I can’t tell you how many times we have worked with buyers who want to purchase a condo in a condo building that is not FHA approved, and thus they cannot obtain financing for a mortgage. They are so disappointed because it was the perfect condo for them. Seems ridiculous doesn’t it? A willing and able buyer wants to purchase the condo, but can’t get a loan, and thus the condo’s values plunge even lower because only cash buyers can purchase there.
Well what would cause a condo building not receive FHA approval you may be wondering?
- Many Tampa Bay condos were sold at the peak of the market in 2004-2005.
- Many apartment buildings also became condo-conversions.
- Because they were sold at the peak of the market, foreclosures have become rampant in these buildings (as they are in any community that had high growth during 2004-2005).
- Prior to foreclosure, often homeowners will stop paying their HOA/Condo dues. The homeowner’s lender is not responsible for these dues until the foreclosure process is complete (which in Florida can take a year or more) and they take ownership. Banks are often not responsible for back HOA dues, or only a small portion of what was owed. Because of this, a deficiency has now occurred in the HOA and they are severely underfunded. The possibility of large HOA/Condo assessments in the future looms.
- There are a large number of “non-owner occupants” in the building which occurs if the owners have leased the units and FHA sees the building now as full of vacation rentals instead of owner occupied homes.
The way the FHA and many lenders look at it is this:
Let’s say you buy a $200K condo with 20% down (minimum for FHA) and it drops in value 10% over the next year, and then the Condo Association hits you for a $40K one time payment to catch up their underfunded budget, the odds are you’ll walk away.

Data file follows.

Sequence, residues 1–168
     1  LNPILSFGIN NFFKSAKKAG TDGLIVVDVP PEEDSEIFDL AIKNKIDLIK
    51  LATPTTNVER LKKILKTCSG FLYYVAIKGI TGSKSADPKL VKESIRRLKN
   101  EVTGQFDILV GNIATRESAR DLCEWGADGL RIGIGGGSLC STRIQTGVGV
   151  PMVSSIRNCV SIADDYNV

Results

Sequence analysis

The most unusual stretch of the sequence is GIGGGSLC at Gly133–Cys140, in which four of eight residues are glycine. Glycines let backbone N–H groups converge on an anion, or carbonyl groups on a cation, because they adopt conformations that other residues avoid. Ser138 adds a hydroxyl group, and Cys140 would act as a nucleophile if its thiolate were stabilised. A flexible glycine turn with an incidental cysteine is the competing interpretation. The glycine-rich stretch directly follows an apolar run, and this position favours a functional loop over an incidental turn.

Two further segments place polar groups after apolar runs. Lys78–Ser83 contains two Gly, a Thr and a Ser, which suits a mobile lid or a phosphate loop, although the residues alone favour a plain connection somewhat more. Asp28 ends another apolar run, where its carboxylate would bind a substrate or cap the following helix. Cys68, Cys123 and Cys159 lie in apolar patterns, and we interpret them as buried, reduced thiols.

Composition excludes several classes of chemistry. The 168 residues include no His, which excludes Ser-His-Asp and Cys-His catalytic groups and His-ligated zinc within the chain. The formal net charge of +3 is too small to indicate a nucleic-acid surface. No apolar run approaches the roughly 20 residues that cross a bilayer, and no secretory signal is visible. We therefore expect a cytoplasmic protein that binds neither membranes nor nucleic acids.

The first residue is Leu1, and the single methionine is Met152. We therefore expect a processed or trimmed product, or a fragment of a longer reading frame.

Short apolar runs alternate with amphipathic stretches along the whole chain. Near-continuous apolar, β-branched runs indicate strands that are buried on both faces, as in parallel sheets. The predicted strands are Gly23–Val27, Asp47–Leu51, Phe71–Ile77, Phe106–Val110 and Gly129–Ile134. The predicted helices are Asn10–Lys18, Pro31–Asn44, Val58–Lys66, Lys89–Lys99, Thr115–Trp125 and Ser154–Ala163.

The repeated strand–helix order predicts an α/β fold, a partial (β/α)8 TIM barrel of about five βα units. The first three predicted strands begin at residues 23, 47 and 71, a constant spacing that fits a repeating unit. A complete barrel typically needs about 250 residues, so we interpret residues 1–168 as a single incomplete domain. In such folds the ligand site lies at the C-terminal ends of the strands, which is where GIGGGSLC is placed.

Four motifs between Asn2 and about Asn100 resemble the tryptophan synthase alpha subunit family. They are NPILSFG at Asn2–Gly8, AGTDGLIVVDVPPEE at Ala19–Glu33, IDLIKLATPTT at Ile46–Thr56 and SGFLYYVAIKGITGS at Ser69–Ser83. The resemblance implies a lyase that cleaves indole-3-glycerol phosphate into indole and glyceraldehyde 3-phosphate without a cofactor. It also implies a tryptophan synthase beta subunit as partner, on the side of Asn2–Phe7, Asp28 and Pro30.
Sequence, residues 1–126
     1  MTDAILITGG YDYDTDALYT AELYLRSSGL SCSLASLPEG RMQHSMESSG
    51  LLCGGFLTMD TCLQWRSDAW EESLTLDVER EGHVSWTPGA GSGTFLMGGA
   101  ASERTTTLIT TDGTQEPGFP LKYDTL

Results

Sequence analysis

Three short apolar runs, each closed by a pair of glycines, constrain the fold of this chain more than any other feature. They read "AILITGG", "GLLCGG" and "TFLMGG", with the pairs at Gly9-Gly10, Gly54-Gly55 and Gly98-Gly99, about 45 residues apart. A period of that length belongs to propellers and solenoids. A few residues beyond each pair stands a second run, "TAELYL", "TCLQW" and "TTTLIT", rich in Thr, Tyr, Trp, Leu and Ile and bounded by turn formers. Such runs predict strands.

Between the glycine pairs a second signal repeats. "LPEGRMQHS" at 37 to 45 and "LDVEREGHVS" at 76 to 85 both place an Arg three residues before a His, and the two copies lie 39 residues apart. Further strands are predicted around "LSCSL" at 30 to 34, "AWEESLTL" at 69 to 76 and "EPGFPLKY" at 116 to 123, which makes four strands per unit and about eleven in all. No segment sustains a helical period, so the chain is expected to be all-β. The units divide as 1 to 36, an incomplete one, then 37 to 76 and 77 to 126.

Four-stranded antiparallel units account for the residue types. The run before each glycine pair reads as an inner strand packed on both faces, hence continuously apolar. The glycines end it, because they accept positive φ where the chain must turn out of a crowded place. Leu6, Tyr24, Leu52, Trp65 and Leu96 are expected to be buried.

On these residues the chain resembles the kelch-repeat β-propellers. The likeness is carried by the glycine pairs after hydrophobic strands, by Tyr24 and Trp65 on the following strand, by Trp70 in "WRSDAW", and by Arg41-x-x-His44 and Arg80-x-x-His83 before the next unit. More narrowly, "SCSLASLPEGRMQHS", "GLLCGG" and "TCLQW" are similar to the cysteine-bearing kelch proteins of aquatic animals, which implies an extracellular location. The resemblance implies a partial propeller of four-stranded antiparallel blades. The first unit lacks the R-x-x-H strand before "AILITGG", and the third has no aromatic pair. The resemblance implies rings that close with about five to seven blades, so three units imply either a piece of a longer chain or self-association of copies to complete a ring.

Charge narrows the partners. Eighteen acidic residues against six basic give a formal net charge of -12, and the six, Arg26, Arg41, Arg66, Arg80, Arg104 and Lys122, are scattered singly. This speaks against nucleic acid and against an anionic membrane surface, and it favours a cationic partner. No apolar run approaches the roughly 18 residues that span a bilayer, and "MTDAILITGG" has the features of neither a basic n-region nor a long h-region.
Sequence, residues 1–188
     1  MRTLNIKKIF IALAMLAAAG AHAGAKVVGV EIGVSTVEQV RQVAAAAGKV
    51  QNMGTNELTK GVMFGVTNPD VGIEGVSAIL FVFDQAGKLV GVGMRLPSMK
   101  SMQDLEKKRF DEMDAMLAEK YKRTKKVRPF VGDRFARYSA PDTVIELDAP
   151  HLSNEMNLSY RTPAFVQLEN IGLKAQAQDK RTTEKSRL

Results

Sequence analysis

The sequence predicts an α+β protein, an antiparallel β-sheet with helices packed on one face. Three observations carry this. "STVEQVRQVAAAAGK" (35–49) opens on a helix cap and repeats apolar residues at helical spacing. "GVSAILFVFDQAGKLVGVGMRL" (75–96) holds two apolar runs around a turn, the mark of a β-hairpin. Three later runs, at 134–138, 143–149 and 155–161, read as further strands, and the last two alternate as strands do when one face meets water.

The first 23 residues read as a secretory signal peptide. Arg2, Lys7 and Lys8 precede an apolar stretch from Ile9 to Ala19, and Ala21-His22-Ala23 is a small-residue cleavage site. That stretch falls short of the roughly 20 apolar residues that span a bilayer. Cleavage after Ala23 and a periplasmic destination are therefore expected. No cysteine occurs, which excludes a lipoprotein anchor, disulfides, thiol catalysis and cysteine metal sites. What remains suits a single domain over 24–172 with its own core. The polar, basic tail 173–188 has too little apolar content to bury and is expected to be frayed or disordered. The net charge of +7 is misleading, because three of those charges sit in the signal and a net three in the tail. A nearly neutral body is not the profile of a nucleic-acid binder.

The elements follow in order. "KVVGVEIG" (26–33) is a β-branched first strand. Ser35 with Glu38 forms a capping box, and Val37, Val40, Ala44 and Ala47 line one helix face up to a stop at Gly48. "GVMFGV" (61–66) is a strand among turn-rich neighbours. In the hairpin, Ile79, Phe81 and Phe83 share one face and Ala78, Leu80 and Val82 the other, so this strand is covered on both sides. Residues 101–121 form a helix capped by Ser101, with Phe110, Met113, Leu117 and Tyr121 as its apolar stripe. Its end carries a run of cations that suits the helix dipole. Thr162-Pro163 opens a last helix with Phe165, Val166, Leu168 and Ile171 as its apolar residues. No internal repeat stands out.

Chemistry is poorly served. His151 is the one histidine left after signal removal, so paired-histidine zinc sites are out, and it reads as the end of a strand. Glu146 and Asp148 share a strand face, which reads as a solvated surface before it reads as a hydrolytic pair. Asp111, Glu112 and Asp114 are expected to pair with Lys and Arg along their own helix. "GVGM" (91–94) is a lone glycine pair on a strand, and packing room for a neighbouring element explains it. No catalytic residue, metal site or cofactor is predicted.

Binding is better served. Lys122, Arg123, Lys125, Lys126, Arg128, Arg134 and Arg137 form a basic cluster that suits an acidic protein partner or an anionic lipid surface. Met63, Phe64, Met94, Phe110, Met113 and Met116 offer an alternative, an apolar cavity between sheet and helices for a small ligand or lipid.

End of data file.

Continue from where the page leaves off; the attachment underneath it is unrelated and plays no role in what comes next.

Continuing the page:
This is why banks are worried and why it has become so hard to get financing on Tampa Bay condos. Some lenders are allowing conventional financing with 20 to 50% down in certain buildings, but its best to check with your Realtor before falling in love with that waterfront condo that seems so inexpensive. Sometimes there’s a reason!
Currently, several trade groups have been pushing FHA to reconsider condo loan guidelines, including the National Association of Realtors.
In a letter to FHA Commissioner and Acting Assistant Secretary for Housing Robert Ryan, the groups petitioned HUD to eliminate a rule requiring a 50 percent owner/occupancy rate in a condo development for buyers to obtain FHA insurance, and to amend or temporarily suspend a requirement that allows only half of the units in a condo development to have FHA loans.
The Community Associations Institute, the Institute of Real Estate Management and the National Association of Home Builders joined NAR in petitioning for the change. In their letter, the groups point out that first-time buyers can often afford only FHA mortgages, and enabling these buyers to purchase condo units will stabilize developments and the surrounding community, as well as minimize the FHA’s condo-related losses.
One way you can check to see if a Condo building is FHA approved is by searching the HUD website. However if your Tampa Bay condo does not appear to be listed here, contact us and we’ll check on it for you.
We will keep you posted as to if and when the FHA changes their current rules on Condos!